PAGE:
Organizational Change at the Level of the Individual Worker

Technological developments in patient care are one source of resistance to change among healthcare workers. Large organizations can help their workers adapt to various change initiatives through a methodical approach to strategy and design. Because systemic behavioral change is the key to organizational change, a combination of human-centered design, robust organizational strategy, and digital innovation must be used to define new ways of work. Digital engagement can turn siloed change programs into a collective user experience for workers across the organization.

The task to suture fragmented worker experiences into a collective, common one is a tall order. This need across the enterprise is related to the gradual, fragmented integration of new tools and methods among different silos. A major reservation against investing in any specific change method or digital technology is the risk of obsolescence. How do organizations provide seamless transitions from older tools and methods to newer ones? And how do you effectively bring the workers with you along that transformation journey?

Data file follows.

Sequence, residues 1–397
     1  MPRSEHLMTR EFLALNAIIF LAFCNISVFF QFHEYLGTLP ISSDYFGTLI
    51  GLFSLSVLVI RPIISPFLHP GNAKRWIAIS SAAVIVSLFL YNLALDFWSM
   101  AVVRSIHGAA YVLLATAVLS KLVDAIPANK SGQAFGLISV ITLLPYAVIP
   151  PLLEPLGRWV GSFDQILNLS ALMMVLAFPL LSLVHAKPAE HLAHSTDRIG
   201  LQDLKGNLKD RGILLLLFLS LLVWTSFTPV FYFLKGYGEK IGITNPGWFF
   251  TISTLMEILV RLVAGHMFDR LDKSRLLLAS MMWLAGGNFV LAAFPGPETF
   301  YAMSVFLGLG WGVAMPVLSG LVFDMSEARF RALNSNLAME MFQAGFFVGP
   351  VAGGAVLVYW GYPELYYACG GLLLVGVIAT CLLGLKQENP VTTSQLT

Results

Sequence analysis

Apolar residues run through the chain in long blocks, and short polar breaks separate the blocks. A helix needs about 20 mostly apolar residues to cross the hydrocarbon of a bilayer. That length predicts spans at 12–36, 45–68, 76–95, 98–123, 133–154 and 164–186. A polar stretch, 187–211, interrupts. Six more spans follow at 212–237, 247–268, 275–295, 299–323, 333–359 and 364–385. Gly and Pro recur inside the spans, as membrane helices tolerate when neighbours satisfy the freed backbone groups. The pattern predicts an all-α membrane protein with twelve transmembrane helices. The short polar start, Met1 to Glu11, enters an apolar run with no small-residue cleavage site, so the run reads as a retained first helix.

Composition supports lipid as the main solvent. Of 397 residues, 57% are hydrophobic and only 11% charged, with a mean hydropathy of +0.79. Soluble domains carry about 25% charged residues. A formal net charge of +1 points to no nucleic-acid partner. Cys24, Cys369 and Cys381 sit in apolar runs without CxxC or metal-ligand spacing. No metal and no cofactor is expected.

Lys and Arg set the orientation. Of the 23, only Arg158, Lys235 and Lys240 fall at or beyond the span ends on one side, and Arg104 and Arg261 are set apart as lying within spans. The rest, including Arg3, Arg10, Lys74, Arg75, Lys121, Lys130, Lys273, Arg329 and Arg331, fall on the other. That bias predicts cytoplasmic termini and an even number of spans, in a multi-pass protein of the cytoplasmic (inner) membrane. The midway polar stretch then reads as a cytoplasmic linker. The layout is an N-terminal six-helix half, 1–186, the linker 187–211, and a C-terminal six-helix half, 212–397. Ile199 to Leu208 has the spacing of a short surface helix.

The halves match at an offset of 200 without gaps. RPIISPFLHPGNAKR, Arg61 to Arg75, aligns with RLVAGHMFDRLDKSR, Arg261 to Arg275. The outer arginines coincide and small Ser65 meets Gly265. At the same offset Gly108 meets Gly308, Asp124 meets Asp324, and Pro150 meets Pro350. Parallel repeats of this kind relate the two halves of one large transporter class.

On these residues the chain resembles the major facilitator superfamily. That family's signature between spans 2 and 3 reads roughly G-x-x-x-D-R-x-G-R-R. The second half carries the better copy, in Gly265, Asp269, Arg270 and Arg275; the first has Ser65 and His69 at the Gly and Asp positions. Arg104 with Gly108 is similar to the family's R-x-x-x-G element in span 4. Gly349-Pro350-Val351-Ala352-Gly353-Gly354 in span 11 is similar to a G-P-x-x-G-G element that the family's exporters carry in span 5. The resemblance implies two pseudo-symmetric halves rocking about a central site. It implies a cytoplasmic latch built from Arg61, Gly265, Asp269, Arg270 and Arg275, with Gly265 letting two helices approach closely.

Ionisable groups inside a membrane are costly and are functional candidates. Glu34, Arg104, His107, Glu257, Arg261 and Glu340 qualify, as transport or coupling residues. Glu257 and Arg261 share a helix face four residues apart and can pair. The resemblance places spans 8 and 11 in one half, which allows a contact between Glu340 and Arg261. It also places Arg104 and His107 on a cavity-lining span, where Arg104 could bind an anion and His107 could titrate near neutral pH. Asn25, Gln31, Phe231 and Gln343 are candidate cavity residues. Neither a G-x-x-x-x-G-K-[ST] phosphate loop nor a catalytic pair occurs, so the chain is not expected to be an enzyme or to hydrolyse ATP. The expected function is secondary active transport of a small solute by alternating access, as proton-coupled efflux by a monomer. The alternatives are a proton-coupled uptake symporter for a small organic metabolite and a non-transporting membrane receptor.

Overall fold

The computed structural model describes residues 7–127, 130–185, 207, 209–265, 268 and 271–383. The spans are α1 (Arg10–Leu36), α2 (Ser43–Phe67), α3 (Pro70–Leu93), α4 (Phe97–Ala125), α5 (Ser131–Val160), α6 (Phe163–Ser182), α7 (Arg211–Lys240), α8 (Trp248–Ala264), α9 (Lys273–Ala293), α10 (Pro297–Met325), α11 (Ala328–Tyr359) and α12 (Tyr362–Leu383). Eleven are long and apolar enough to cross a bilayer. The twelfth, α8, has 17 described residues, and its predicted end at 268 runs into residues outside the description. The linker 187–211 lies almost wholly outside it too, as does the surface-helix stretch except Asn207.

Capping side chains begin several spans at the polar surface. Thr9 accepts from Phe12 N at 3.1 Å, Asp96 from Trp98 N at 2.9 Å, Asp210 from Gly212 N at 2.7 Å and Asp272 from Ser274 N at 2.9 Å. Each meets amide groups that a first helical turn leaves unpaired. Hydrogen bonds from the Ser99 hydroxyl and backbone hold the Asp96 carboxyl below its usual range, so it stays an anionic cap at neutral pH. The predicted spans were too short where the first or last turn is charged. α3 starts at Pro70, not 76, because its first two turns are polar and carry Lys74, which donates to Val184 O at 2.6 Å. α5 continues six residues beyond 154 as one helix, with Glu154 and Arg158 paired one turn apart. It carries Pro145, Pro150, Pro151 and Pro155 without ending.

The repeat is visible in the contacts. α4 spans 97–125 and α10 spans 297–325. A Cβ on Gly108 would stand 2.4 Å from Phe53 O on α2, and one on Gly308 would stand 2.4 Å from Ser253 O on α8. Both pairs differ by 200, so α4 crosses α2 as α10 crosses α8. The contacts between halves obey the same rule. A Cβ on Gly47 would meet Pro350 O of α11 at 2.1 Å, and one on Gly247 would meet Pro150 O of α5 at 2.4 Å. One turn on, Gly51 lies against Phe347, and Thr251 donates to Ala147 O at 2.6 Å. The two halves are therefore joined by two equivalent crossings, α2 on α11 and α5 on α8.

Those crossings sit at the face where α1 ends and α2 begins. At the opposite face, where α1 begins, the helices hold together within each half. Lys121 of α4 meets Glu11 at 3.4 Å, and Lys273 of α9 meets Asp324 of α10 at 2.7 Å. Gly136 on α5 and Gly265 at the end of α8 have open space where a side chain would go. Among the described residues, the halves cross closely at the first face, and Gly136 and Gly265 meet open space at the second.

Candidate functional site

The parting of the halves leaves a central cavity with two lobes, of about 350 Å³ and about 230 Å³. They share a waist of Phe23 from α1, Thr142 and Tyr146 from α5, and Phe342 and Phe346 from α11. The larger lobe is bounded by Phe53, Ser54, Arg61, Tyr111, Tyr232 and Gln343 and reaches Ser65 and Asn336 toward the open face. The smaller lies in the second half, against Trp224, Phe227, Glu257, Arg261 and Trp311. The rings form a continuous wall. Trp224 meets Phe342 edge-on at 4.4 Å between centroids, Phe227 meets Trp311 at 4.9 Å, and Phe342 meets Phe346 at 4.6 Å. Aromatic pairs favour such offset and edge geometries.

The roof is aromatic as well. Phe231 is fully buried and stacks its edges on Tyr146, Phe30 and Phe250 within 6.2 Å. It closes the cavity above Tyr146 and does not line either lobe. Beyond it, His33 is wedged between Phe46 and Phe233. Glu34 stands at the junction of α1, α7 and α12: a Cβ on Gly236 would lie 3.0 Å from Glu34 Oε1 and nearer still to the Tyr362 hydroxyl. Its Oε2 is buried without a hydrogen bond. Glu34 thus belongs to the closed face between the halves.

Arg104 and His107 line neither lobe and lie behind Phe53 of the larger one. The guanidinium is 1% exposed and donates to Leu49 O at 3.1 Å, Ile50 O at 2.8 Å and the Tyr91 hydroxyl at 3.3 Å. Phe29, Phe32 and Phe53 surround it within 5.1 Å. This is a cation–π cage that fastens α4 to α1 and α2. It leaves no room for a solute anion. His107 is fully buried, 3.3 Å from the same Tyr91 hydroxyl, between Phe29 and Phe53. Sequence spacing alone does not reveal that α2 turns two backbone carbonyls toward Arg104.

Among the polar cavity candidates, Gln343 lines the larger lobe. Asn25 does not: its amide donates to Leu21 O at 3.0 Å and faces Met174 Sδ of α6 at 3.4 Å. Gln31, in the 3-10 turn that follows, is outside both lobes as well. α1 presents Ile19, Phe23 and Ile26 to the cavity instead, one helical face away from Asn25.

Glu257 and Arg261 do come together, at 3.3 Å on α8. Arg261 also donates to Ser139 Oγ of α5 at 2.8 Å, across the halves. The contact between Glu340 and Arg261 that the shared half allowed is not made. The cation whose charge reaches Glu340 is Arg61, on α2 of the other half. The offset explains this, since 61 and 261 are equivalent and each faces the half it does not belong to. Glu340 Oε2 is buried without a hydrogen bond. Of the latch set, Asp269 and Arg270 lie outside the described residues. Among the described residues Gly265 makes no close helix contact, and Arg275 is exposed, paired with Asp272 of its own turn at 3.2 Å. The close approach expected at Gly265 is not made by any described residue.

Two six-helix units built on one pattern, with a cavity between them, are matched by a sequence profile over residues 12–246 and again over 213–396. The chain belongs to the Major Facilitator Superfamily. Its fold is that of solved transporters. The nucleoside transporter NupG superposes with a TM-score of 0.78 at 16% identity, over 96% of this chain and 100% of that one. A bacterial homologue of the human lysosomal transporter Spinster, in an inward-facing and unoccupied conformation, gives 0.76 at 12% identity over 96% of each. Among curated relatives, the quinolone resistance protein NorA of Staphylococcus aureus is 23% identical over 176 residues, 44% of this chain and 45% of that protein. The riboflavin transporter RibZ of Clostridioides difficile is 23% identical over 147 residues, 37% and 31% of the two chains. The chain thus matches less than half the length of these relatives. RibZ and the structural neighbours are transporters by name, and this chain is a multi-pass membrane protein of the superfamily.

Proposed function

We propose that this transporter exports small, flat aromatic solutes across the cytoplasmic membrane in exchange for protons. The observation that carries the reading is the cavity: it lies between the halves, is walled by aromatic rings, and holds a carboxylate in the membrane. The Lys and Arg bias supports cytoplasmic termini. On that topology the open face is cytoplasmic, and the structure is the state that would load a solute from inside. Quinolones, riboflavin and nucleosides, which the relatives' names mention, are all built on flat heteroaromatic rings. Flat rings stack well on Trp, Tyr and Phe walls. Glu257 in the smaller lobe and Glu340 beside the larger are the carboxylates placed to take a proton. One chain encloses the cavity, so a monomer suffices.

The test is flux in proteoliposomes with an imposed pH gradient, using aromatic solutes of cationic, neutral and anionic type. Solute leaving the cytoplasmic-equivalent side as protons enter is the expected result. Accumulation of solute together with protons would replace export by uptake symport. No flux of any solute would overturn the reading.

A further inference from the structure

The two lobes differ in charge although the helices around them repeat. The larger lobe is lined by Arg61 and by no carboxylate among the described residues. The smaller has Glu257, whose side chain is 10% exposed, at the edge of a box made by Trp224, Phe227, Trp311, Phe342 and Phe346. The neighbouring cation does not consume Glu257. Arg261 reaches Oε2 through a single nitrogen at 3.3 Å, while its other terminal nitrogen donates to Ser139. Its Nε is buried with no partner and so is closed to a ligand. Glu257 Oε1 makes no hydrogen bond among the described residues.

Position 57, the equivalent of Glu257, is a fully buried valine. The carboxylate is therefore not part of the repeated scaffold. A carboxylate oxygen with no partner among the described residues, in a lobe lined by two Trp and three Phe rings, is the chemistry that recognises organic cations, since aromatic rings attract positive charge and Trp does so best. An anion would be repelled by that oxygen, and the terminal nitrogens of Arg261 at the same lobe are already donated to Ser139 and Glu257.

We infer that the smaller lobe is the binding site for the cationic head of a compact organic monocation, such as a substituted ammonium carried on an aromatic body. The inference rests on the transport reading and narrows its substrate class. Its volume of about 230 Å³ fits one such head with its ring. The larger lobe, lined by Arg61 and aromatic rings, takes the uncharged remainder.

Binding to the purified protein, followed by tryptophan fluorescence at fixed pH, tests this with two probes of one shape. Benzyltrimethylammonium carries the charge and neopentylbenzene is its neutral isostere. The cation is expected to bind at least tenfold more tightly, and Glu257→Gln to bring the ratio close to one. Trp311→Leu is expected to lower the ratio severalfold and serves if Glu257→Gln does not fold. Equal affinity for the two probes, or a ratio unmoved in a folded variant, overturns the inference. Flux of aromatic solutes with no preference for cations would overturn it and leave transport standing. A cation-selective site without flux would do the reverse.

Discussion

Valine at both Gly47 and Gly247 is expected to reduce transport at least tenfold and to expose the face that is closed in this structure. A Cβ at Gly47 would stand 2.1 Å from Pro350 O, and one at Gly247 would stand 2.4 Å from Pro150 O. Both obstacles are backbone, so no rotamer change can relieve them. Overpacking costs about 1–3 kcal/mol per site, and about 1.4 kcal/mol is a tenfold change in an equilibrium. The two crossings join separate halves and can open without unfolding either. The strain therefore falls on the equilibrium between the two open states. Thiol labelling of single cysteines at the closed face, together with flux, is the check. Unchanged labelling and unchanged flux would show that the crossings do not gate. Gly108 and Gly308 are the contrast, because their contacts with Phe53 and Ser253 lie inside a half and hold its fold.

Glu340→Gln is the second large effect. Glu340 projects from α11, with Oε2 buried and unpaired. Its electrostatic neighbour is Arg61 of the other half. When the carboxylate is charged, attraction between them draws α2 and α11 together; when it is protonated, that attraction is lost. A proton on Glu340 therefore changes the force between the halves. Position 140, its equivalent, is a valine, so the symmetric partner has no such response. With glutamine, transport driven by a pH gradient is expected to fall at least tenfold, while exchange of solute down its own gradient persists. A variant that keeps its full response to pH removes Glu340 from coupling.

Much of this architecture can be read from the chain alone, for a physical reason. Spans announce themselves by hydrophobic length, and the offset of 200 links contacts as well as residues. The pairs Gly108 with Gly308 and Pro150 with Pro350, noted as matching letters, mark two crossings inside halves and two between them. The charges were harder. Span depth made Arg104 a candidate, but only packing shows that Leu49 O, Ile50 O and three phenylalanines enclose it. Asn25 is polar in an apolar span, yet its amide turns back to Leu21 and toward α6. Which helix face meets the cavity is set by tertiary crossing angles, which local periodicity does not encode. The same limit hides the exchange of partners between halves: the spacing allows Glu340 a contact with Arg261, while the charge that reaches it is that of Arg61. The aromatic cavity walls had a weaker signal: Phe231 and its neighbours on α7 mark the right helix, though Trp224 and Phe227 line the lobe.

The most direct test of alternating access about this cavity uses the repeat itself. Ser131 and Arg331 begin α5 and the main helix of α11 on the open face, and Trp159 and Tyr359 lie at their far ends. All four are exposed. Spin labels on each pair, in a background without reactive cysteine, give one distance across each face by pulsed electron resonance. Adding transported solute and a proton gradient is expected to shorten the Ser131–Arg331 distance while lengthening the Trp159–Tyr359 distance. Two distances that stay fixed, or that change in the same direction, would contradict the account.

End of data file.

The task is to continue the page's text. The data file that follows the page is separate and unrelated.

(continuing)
To answer these questions, we must begin with a comprehensive analysis of the organization’s digital ecosystem in its entirety: that is, the relationships among all properties, operations, platforms, sites, databases, and points of organizational interaction. Particularly, we need to analyze both how workers behave within the ecosystem and the capabilities that enable that behavior. Only then can we begin to tie broader business initiatives and strategies to specific programs, practices, and scenarios that are part of the worker’s landscape. Organizational cohesion considers the overarching strategy (macrocosm) and specific initiatives (microcosm) in equal measure. By integrating high-level work design and change goals for the people and for the business, organizations can shape the evolution of their digital capabilities in a future-oriented continuum.

Organizational Cohesion through Digital

In all 3 models—Lewin’s, Kotter’s, and Lean—all levels of the organization are engaged, creating a two-way dialogue from the frontline to the executive. In the digital age, we call such systemic alignment organizational cohesion. It is achieved by designing the culture of a company through an omnichannel architecture.